societal symbol of oppres-
sion," she said. "It's hard for
me. It's like seeing a Nazi
symbol."
The auction organizers
don't think the event will be
found offensive or compared
to historic slave auctions.
"The whole event is very
different," El-Sayed said. "It's
not about using each other.
It's mutual."
Several students said a date
auction doesn't evoke images
of the slave trade for them.
"To say that something like
this done in a light-hearted

way for a good cause is even
remotely close to slave trad-
ing isn't giving justice to the
horrific and racist historic
slave auctions," LSA junior
Jen Bojan said.
Some students said the
comparison to the slave trade
is unwarranted, but that the
process of date auctions objec-
tifies participants.
"It seems like ahigh school
popularity contest and like it's
based on looks," LSA junior
AlexiaMoreland said.
Moreland said reading the
University's advisory state-
ment made her think such
events might not be harmless.
"It's for a good cause, but
other organizations shouldn't
follow in their footsteps," she
said.

EI-Sayed said the mem-
bers of Project Suyana
didn't encounter any nega-
tive opinions of the event
while they were asking stu-
dents to put themselves up
for auction.
Only three students who
were asked declined to par-
ticipate in the fundraiser, El-
Sayed said.
Olympic gold medalist
Michael Phelps told plan-
ners that he would be out-
of-town. Another student
said she didn't want to gar-
ner lingering, unwanted
attention from a stranger
who might win her - an
experience her friend had
after participating in a date
auction for another campus
group, El-Sayed said.

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For Thursday, Feb. 1, 2007
ARIES
(March 21 to April 19)
The Full Moon today creates tension
between romantic interests and friends.
It can also create conflicts involving
children. These problems will fade or
disappear by the weekend.
TAURUS
(April 20to May 20)
Today you're caught in the classic tug
of war between the demands of home
and family and the demands of career
and your public life. You cannot ignore
the public responsibilities you have right
now.
GEMINI
(May 21to June 20)
Today's Full Moon could create a kind
of distracting stress that actually makes
you accident-prone. Therefore, take
extra precautions and care when driving
or walking.
CANCER
(June 21to July 22)
You have to respect the values of
someone else today, although these val-
ies do not reflect your own. Even
though we are all more alike than not
(everyone wants happiness; no one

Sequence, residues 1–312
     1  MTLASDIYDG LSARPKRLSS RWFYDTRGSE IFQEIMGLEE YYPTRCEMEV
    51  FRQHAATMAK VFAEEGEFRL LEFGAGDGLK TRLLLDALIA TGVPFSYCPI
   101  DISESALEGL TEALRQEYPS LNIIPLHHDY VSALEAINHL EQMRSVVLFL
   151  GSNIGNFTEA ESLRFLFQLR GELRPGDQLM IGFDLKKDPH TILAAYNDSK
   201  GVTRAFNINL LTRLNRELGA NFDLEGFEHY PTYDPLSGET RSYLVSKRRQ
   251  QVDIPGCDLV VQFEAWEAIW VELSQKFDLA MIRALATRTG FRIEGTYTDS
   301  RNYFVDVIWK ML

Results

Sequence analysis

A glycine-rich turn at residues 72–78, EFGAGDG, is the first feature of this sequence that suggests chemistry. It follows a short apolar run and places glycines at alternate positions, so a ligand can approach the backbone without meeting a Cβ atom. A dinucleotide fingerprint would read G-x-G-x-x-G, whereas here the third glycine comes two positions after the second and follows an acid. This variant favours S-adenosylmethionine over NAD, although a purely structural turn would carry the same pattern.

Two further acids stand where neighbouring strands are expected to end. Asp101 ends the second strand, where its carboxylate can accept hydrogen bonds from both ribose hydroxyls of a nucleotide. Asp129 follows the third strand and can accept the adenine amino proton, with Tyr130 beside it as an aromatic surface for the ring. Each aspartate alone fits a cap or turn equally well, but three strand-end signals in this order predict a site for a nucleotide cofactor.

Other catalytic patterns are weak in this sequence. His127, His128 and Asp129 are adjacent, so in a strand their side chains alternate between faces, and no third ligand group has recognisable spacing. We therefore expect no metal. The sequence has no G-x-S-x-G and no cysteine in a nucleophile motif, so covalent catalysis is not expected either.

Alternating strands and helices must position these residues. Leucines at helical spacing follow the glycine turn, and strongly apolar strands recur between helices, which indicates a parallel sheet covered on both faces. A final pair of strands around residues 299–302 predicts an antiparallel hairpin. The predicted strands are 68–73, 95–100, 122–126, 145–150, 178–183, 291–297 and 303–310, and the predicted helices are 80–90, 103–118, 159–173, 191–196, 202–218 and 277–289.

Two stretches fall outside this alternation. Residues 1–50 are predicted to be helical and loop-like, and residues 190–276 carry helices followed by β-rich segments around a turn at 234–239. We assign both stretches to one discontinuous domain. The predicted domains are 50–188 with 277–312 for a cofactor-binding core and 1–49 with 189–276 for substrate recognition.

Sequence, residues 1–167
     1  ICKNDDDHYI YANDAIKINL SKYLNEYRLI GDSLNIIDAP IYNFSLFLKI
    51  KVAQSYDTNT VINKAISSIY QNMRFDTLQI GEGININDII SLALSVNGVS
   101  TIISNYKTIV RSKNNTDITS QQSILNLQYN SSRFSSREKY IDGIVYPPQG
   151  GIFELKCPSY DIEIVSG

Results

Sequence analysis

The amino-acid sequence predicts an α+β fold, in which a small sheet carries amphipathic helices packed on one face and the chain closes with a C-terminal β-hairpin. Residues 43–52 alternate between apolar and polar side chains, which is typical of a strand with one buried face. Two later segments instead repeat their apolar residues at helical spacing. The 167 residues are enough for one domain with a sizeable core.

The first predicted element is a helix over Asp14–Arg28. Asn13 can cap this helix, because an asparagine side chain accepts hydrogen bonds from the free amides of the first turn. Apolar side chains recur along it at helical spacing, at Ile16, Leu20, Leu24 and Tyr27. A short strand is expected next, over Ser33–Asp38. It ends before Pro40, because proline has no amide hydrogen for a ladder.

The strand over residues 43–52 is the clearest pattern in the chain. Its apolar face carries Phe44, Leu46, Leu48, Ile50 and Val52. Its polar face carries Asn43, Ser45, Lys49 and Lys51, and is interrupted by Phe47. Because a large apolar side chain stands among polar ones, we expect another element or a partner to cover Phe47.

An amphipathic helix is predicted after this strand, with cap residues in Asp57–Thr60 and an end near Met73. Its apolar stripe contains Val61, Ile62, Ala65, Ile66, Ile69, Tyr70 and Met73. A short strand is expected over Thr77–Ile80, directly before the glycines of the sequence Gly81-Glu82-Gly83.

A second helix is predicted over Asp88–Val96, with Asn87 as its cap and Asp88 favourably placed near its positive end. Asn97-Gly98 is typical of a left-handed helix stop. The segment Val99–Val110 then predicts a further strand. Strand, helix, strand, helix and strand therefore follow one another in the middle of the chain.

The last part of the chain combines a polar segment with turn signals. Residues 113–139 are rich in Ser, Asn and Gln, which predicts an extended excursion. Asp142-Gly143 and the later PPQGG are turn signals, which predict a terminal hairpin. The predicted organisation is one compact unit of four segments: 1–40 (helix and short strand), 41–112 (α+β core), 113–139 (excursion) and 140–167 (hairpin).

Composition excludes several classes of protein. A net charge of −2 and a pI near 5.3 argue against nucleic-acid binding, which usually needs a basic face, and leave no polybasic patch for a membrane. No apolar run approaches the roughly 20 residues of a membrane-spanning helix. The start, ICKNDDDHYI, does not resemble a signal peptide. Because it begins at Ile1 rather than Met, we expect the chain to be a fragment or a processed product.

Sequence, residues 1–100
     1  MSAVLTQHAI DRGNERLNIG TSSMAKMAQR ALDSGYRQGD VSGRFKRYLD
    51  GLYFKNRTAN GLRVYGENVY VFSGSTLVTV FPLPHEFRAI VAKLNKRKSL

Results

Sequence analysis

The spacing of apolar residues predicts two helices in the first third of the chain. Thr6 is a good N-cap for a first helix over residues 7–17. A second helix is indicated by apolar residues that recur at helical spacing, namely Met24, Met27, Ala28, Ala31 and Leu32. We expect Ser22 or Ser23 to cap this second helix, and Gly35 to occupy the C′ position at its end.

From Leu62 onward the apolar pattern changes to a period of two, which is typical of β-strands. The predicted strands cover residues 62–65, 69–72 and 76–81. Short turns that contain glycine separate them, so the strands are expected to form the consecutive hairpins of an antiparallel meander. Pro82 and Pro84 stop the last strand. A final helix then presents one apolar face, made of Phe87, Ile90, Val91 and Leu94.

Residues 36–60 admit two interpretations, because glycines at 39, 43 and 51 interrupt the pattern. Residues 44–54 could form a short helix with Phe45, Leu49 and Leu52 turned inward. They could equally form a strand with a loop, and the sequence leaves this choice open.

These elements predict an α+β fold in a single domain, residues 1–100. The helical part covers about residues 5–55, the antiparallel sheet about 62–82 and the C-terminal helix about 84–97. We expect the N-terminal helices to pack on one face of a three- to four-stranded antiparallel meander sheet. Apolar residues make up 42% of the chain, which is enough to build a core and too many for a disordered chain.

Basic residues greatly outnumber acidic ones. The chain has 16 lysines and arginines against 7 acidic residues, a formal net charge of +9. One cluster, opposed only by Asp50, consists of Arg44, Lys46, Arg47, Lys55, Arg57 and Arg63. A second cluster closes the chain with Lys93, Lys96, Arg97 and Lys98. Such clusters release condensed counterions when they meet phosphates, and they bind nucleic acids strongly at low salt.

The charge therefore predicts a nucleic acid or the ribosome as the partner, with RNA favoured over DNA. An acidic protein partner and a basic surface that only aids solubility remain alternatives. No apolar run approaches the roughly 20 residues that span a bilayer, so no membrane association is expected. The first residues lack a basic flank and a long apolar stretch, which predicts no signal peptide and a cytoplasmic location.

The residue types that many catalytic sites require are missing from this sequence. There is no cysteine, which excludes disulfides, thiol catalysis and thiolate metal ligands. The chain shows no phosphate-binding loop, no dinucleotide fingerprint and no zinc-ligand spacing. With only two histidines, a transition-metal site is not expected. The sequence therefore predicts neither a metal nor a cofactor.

wants pain), we still have our differ-
ences.
LEO
(July 23 to Aug. 22)
Today's Full Moon is in Leo, making
you more emotional than usual, and
thereby adding extra stuff to deal with in
your closest relationships. Be easy on
yourself Be easy on others.
VIRGO
(Aug. 23 to Sept. 22)
Be patient with co-workers today.
Expect increased stress at work because
of today's Full Moon. Many of the prob-
lems you have now will greatly diminish
by the weekend.
LIBRA
(Sept. 23 to Oct. 22)
Too often you try to please everyone.

Today this will be too difficult. Children,
romantic interests, friends and groups all
want a piece of you! You'll have to
choose.
SCORPIO
(Oct. 23 to Nov. 21)
Despite the demands of your outer
world, focus on home and family if you
can today. Family members or domestic
conditions demand this now.
SAGITTARIUS
(Nov. 22 to Dec. 21)
Talk to siblings and neighbors. Stay
current with reading, writing and study-
ing. This insane busy period quiets down
by the weekend. (Whew!)
CAPRICORN
(Dec. 22 to Jan. 19)
Continue your efforts to spend and
earn money. You're definitely focused
on finances now. Today's Full Moon
might create a few speed bumps - no
big deal.
AQUARIUS
(Jan. 20to Feb. 18)
Three planets are in your sign, and the
Full Moon directly opposes you. This
creates stress in your closest relation-
ships. Be patient with others. Thingswill
improve after the Moon peaks.
PISCES
(Feb. 19 to March 20)
Some days are easier than others.
Factoid: Today's Full Moon creates a
few hurdles at work, largely because it
makes you doubt yourself. Gone in 48
hours!
YOU BORN TODAY You're intelli-
gent, bright, strong-willed and deter-
mined. Once you have established a
goal, you will work relentlessly to
achieve it. You like to be in control.
Personally, you're also very sensuous
and attractive. People want to be in your
company. Fortunately, you remain for-
ever young. The year ahead is social and
beautifully favors relationships.
Birthdate of: Sherilyn Fenn, actress;
Clark Gable, actor; Don Everly, singer.

ICE SKATING
CLOSE TO CAMPUS
GROUPS WELCOME

UBLETS, & Rmm
se FREE! All Citie